In reading the novel "La Sentimulo" (found online) I encountered the word "rekonilo", which I would translate as "thing to make something recognized" - possibly like an identity card? In the context of the story, it is an item given to the protagonist to prove his identity to an unknown person. One online dictionary says it means "landmark"; another said it means "recognition tool" - a totally logical translation, but awkward English, and I am unclear what the actual object in the book was - a note? Can anyone help clarify this?

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    Could you please mention the website where "La Sentimulo" is and the paragraph in which the word "rekonilo" is? If you can't, please quote the phrase or the context in which the word appears. I found the book here, but it isn't searchable. – Marco Sep 15 '16 at 0:40

La Sentimulo is a greatly abridged retelling by Roger Imbert of The Bravo (1831), a novel by James Fenimore Cooper. It uses only the 450 root-words of the Zagreba Metodo and about a hundred extra which are included in a glossary.

The passage you are referring to comes halfway through Chapter 2:

„Prenu tiun ĉi leteron. Sub la Ponto de Sopiroj vi trovos Jacopon. Transdonu la leteron al li. Se li petos rekonilon, transdonu al li ankaŭ tion ĉi."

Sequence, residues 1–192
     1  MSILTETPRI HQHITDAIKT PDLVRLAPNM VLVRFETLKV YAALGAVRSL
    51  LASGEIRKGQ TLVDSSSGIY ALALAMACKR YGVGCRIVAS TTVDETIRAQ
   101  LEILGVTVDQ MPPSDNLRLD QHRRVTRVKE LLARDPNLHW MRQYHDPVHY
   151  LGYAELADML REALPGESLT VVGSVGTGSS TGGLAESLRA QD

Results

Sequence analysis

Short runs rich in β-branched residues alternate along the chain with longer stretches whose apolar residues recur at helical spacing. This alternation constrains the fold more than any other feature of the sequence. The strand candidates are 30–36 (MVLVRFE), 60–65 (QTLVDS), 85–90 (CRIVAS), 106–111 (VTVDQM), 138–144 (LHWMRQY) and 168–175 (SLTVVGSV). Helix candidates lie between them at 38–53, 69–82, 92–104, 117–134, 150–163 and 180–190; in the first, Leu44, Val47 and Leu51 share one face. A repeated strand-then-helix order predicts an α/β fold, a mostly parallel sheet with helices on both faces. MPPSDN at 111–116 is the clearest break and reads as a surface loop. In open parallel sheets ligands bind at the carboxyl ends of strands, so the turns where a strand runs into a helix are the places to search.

Kaj Don Camillo transdonis iun rekonilon al Gino.

The word comes up again at the end of Chapter 3. A rekonilo is a tool, instrument or object which enables recognition. (The Wikipedia article uses it to mean an emblematic landmark for tourists, or emblema vidindaĵo.) In this context it can only mean a token.

"Take this letter. Beneath the Bridge of Sighs you will find Jacopo. Hand the letter over to him. If he asks for a token, hand over this also."

And Don Camillo handed to Gino some sort of token.

Here is the original version:

"Take this packet," he continued, placing a sealed letter of more than usual size into the hand of the gondolier, and drawing from his finger a signet ring, "with this token of thy authority. Within that arch of the Doge's palace, which leads to the canal of San Marco, beneath the Bridge of Sighs, thou wilt find Jacopo. Give him the packet; and should he demand it, withhold not the ring. Wait his bidding, and return with the answer."

A signet ring is a ring with an engraving on it which can be pressed onto sealing wax so as to imprint a design which authenticates a document at the moment it is sealed.

To seal a document is sigeli, and a seal is a sigelo, applied with a sigelilo onto wax, sigelvakso. The Esperanto word for "signet ring" is sigelringo. The translator used the rare word rekonilo merely in order to avoid adding two extra words to the glossary.


Your understanding of "rekonilo" is right on. From the context you give, it sounds like something other than a note, which would be simply "noto". It's probably a unique object, something that couldn't be easily forged or copied. In English, I might translate it as "token" or maybe "sigil" if there were mystical powers involved.

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